A Beauty Obsessive’s In-Flight Entertainment
Photo: Greg Lotus/Trunk Archive
We all have our ways of coping with the indignities of airport travel. Some of us seek solace in Snickers bars and complimentary iced beverages. Others depend on potent cocktails of Ambien and resolute denial. For a long time, I relied on such cinematic masterpieces as Rush Hour 2 and the magazine trifecta: Vogue, the New Yorker, and In Touch. But while I continue to be a firm believer in the therapeutic qualities of chocolate, caramel, and Kate Middleton, I no longer resort to such passive forms of distraction.
These days, not even the dreaded middle seat is a match for my fortitude. Screaming children cannot bring me down. Armed with my TSA-approved Ziploc bag and intrepid spirit, I buckle up, break out the goods, and endure.
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On average, I spend between 40 minutes and several hours of every flight I’ve been on since the ninth grade engaged in some kind of wellness ritual. After I’ve safely wedged myself into my assigned crawl space, I lay out my supplies. First, I cleanse. While I refuse to wear mascara in airports, I do need to remove the concealer, highlighter, and blush I applied in anticipation of Terminal B’s fluorescent lights. Running water is in limited supply on board, so I tote along a sleeve of Yes to Cucumbers Facial Wipes. (Any drugstore brand will do, but I’m partial to these because they smell like Swiss spa-induced-contentment.)
Once I’ve erased the residual traces of Laura Mercier Secret Camouflage and RMS Beauty Living Luminizer, I whip out either Bliss’s Triple Oxygen Instant Energizing Eye Mask or Ren’s Glycol Lactic Radiance Renewal Mask. You can wipe both off with a damp cloth while the gentleman to your left looks on in amazement.
Eventually, I’ll smear on a thick layer of Kiehl’s Ultra Facial Cream, slather my heels in Weleda’s Skin Food, and settle in as my pores soak up the fragmented hyaluronic acid that Kiehl’s claims is “able to penetrate deeply and fill water reserves in skin.” Before touch down, I’ll approximate clean teeth with a Colgate Wisp and spritz on the single greatest breakthrough in skincare since Vaseline: Caudalíe’s Eau de Beauté. On some level, I understand that luxury mists are a late capitalism invention. I do not care.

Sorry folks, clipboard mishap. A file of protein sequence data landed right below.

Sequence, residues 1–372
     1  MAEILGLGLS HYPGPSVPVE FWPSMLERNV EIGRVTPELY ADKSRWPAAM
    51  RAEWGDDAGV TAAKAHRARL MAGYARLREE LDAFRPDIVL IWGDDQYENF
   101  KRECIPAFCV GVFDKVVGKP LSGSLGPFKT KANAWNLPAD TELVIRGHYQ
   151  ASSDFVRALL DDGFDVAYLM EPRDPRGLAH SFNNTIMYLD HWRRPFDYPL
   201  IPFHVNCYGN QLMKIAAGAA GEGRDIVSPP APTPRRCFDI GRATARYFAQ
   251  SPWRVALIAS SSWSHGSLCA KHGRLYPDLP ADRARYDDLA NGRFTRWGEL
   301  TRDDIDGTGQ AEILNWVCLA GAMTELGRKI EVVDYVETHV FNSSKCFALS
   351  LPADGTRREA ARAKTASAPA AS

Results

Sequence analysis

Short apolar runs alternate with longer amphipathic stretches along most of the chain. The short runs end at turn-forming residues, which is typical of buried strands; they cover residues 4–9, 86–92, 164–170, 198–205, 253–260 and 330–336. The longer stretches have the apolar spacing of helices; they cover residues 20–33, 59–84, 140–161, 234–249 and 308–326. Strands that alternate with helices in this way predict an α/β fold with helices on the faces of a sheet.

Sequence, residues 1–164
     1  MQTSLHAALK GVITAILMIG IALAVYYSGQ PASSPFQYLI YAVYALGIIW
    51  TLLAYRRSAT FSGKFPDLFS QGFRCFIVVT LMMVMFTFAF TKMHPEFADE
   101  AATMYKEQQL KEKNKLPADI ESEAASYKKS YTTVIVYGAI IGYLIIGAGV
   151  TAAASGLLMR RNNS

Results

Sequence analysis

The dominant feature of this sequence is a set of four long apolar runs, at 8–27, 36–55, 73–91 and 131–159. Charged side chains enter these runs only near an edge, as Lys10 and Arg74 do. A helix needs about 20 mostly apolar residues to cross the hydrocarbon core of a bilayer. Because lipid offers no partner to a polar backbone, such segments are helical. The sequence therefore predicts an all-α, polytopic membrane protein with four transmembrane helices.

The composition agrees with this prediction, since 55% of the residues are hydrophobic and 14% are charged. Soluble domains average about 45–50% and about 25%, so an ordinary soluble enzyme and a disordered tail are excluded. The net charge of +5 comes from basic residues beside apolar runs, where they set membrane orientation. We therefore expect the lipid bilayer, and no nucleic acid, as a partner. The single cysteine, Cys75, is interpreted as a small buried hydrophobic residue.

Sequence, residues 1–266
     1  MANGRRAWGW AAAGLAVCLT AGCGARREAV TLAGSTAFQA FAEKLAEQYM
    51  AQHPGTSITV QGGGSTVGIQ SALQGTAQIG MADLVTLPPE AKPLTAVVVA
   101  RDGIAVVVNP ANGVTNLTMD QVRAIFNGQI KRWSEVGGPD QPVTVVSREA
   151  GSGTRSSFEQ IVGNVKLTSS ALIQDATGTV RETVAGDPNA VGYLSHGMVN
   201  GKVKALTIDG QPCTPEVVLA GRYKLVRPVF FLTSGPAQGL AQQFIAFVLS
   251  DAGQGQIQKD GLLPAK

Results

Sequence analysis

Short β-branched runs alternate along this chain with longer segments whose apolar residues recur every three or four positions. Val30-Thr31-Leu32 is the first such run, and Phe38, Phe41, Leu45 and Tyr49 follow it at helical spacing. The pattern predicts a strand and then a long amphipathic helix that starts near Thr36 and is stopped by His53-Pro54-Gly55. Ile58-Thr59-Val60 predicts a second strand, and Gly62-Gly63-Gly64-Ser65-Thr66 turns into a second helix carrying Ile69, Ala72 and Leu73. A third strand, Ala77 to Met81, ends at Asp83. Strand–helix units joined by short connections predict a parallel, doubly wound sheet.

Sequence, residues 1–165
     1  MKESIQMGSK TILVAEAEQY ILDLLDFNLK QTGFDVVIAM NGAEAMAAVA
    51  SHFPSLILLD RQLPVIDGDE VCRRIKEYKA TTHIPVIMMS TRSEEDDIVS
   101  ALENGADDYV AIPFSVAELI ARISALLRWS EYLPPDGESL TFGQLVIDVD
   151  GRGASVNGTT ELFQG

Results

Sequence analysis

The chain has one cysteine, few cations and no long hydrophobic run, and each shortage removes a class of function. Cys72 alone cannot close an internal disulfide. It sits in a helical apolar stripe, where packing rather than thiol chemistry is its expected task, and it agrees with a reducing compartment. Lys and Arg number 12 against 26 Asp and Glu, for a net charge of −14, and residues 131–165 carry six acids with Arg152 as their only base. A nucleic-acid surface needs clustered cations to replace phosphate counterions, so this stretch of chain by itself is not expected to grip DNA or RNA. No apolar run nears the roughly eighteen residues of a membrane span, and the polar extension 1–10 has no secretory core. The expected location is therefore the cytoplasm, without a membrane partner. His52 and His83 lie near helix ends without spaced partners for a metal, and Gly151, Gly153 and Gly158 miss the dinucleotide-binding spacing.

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At 32,000 feet above sea level, I have administered: face masks, serums, eye cream, toning mists, all manners of gooey unguents, and nail polish (which a German flight attendant en route to Berlin told me was illegal). I have coated split ends in viscous (yet fragrant!) green goop and once slathered my entire face in mud from the Dead Sea. That was a bad idea.
After I heard a rumor that chamomile could reduce swelling, I convinced a kind steward to furnish two tea bags, dunked them in almost boiling water, and brewed my very own tonic. Several lukewarm minutes later, even the surly man across the aisle had to admit that my eyes looked brighter than ever. (“More awake? More alive?” I prompted. He grunted.)
Last year, I donned gel-lined moisturizing socks to travel from London to New York. As soon as I landed in Manhattan, I ordered four more pairs and the “Professional Heated Beauty Booties” that I had seen advertised in SkyMall. I regret none of it. They are hydrating and delicious and make me feel like Zenon: Girl of the 21st Century.
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I know that this sounds insane and obsessive and vain. I understand that it mortifies more civilized travel companions and confuses the cabin crew. But I like the ceremony of it all.
For all the small humiliations of twenty-first century travel, airplanes are one of the last places on earth to be alone and selfish and anonymous. Despite their many, many shortcomings, they sanction a kind of personal indulgence that we too rarely grant ourselves. I really believe that treats and treatments make the weight of carry-on luggage easier to bear. They reward us for the long lines, the burnt coffee, the TSA. At their best, they do not only make us feel good. They make us radiant.
Or at least that is what a nice co-pilot told me last month.